Arts & Life

Book Reviews
7:03 am
Tue September 25, 2012

'All Gone' Offers Disappointing Take On Hot Topic

Courtesy of Riverhead Books

The best memoirs transcend the strictly personal. New York Times columnist Alex Witchel's book All Gone, about one of the hottest topics among baby boomers — caring for our aging parents — comes across as boomerish in a bad way: self-absorbed and immature, as if she's the first to suffer this sort of stress and loss.

Read more
Fine Art
3:28 am
Tue September 25, 2012

Print-Inspired Art: All The News That's Fit To Paint

Alfredo Ramos Martinez painted Head of a Nun, tempera on newspaper, in 1934.
Gerard Vuilleumier The Alfredo Ramos Martinez Research Project, Reproduced by Permission

Originally published on Tue September 25, 2012 12:00 pm

The print newspaper industry may be struggling, but newsprint is alive and well on the walls of a new exhibition at the National Gallery of Art in Washington, D.C. The show is called "Shock of the News" — and it examines a century's worth of interaction between artists and the journals of their day.

Read more
The Record
12:03 am
Tue September 25, 2012

Crowd Funding For Musicians Isn't The Future; It's The Present

The Physics, with Thig Nat at the right.
Courtesy of the artists

Originally published on Wed July 31, 2013 2:24 pm

By now, everyone's heard of Kickstarter, the website that lets people with an idea or project ask other people to contribute toward realizing it. It's called crowd funding, and this summer's big success story was musician Amanda Palmer. She raised more than $1 million to produce her new album. But crowd funding doesn't work for every musician every time.

Read more
Wait Wait ... Don't Tell Me!
5:00 pm
Mon September 24, 2012

Sandwich Monday: Loose Meat Sandwich

Beware Pickpockets and Loose Meat.
NPR

We've all encountered loose change, loose teeth, and certainly loose-fitting pants, but only a lucky few of us have encountered the Loose Meat Sandwich. It's an Iowa classic that's basically like a hamburger, except the patty doesn't hold together at all. We picked up a couple from Maid-Rite here in Chicago.

Mike: The meat pebbles make it so much easier to fatten up those hard to reach parts of the body.

Leah: I think you have to have baleen to eat this properly.

Read more
The Record
4:51 pm
Mon September 24, 2012

An American Punk-Rock Band On Tour In The Land Of The Arab Spring

The Black Lips, not in Cairo.
Courtesy of Biz3 Publicity

Originally published on Tue September 25, 2012 5:11 pm

Last year, after the Atlanta rock band Black Lips released the album Arabia Mountain, its members planned a trip to tour the Middle East, but the wave of Arab Spring protests forced them to change plans. Yet even with simmering anti-Americanism persisting throughout the region, singer-guitarist Ian St. Pe was determined to see this through. Cairo, where I spoke with them on Friday, was the band's second stop.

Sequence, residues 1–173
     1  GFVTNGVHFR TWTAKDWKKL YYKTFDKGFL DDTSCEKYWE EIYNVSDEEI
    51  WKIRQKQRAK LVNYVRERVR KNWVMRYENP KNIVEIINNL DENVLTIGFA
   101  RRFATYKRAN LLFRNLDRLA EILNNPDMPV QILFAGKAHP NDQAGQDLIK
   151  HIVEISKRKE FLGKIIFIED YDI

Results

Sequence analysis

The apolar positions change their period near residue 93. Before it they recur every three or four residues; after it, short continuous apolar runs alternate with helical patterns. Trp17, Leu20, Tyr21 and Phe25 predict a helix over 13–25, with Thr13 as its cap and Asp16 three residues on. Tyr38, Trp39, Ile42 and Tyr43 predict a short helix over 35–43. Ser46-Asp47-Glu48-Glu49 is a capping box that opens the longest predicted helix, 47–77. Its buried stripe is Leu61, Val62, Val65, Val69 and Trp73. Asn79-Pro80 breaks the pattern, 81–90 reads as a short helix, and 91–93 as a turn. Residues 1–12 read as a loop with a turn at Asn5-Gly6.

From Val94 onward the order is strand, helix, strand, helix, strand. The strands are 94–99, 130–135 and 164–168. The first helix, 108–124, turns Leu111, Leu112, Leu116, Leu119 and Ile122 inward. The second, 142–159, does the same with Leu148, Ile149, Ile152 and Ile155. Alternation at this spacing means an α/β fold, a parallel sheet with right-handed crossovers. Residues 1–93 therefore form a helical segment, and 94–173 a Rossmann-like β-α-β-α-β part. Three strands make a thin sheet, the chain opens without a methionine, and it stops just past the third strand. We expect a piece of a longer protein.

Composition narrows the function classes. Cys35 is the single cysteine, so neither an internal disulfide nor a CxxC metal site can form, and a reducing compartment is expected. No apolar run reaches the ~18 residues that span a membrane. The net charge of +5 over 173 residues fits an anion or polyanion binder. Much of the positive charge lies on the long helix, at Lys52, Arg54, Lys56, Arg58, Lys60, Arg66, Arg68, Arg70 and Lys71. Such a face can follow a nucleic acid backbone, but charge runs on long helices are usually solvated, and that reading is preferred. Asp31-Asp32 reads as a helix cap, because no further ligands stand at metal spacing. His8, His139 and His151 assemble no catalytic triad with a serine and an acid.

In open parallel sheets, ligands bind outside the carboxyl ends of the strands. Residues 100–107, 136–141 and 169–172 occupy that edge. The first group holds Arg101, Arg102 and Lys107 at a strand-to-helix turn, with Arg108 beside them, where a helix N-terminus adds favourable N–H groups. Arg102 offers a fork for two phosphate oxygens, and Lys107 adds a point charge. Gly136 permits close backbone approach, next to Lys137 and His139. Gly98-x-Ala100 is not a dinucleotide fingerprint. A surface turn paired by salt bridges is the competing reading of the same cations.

Read more
A Blog Supreme
2:56 pm
Mon September 24, 2012

Jamison Ross Wins 2012 Thelonious Monk Competition For Drummers

Jamison Ross competes in the semifinal round of the 2012 Thelonious Monk Competition.
Steve Mundinger Courtesy of the Thelonious Monk Institute of Jazz

Originally published on Fri October 5, 2012 12:17 pm

In a ceremony and concert last night, the Thelonious Monk Institute of Jazz recognized Jamison Ross, 24, as the winner of its annual competition for young musicians. The competition, the highest profile event of its kind, was open to drummers this year.

Read more
Politics
2:20 pm
Mon September 24, 2012

Redistricting: A Story Of Divisive Politics, Odd Shapes

Robert Draper is the author of Do Not Ask What Good We Do: Inside the House of Representatives and Dead Certain: The Presidency of George Bush.
Dena Andre

Originally published on Mon September 24, 2012 2:47 pm

Journalist Robert Draper says the 27th Congressional District in South Texas looks like a Glock pistol. It's just one of several "funny shapes" you will see in states across the U.S. as a result of the redrawing of congressional boundaries — otherwise known as redistricting.

"These maps can be very, very fanciful — they're these kinds of impressionistic representations of the yearnings and deviousness of politics today," Draper tells Fresh Air's Dave Davies.

Read more
Author Interviews
12:37 pm
Mon September 24, 2012

'Choke Artist' On Lowering Expectations

Originally published on Tue September 25, 2012 1:57 pm

Transcript

CELESTE HEADLEE, HOST:

Yale law professor and author, Amy Chua, scored a best seller last year with her memoir, "The Battle Hymn of the Tiger Mother." In it, she describes herself and other so-called Tiger Mothers who go to almost any length to push their kids toward perfection, holding back dinner until she nails that violin cadenza, threatening to put him out for being disobedient or demanding that she get straight As and become a doctor or a lawyer or maybe both.

Read more
Television
12:37 pm
Mon September 24, 2012

Homeland, Modern Family Win Big At Emmys

Originally published on Tue September 25, 2012 1:57 pm

Transcript

CELESTE HEADLEE, HOST:

And now, let's switch gears just a little, and go to the Emmys. The new Showtime drama "Homeland," and the ABC comedy "Modern Family," were two the big winners from last night 64th annual Primetime Emmy Awards. "Homeland" actually knocked "Mad Men" off from its perch as Best Drama Series. To tell us more, we have Sheila Marikar with us. She's an entertainment reporter and producer for ABCNews.com, and was actually backstage at the event.

Read more
Monkey See
11:13 am
Mon September 24, 2012

Making A Comedy Pilot? You Might Want To Call James Burrows

In a 2001 photo, actress Debra Messing and director James Burrows pose together after Burrows won a Directors Guild of America award for directing the pilot of Will & Grace.
Chris Weeks Getty Images

Originally published on Wed November 6, 2013 3:41 pm

"It's staggering."

Read more

Pages